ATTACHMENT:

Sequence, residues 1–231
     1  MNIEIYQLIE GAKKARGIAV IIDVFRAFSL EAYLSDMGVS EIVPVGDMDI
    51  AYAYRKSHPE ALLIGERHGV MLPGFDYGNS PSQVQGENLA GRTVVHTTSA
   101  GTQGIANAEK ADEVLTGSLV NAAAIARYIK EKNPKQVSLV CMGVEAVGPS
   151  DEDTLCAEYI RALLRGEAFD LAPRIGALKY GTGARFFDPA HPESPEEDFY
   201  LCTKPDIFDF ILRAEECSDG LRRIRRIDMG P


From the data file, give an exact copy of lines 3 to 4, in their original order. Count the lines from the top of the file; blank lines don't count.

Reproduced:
    51  AYAYRKSHPE ALLIGERHGV MLPGFDYGNS PSQVQGENLA GRTVVHTTSA
   101  GTQGIANAEK ADEVLTGSLV NAAAIARYIK EKNPKQVSLV CMGVEAVGPS